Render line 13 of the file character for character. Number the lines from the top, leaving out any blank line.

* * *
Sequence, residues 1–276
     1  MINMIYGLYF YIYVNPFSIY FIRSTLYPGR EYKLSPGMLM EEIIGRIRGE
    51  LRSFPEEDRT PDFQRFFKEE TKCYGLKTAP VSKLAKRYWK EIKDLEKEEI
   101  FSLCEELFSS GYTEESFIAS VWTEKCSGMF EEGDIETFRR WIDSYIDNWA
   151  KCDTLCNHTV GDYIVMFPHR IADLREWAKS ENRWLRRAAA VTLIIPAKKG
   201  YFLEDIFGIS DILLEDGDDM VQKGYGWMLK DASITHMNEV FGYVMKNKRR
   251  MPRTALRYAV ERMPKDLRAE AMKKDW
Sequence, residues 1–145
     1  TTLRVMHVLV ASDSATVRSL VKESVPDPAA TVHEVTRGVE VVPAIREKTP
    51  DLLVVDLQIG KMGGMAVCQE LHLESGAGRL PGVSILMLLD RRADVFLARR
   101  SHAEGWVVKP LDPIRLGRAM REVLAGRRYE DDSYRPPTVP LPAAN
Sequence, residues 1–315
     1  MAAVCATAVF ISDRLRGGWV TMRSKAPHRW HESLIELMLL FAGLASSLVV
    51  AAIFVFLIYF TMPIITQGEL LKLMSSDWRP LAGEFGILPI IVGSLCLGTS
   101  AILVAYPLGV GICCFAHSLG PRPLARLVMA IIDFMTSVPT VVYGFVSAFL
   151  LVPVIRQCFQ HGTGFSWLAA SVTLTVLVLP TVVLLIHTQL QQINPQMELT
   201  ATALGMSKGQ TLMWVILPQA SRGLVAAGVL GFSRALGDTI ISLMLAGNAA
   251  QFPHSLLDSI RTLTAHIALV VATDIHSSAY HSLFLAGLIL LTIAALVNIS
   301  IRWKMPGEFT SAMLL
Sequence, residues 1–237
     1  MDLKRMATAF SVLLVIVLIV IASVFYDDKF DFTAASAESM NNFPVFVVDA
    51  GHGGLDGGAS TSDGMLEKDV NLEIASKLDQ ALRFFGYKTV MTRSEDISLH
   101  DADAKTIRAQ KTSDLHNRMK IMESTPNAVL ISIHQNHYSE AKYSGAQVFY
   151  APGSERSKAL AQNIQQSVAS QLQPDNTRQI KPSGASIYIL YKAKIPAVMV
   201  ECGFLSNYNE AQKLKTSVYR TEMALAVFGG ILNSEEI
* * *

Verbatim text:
     1  MAAVCATAVF ISDRLRGGWV TMRSKAPHRW HESLIELMLL FAGLASSLVV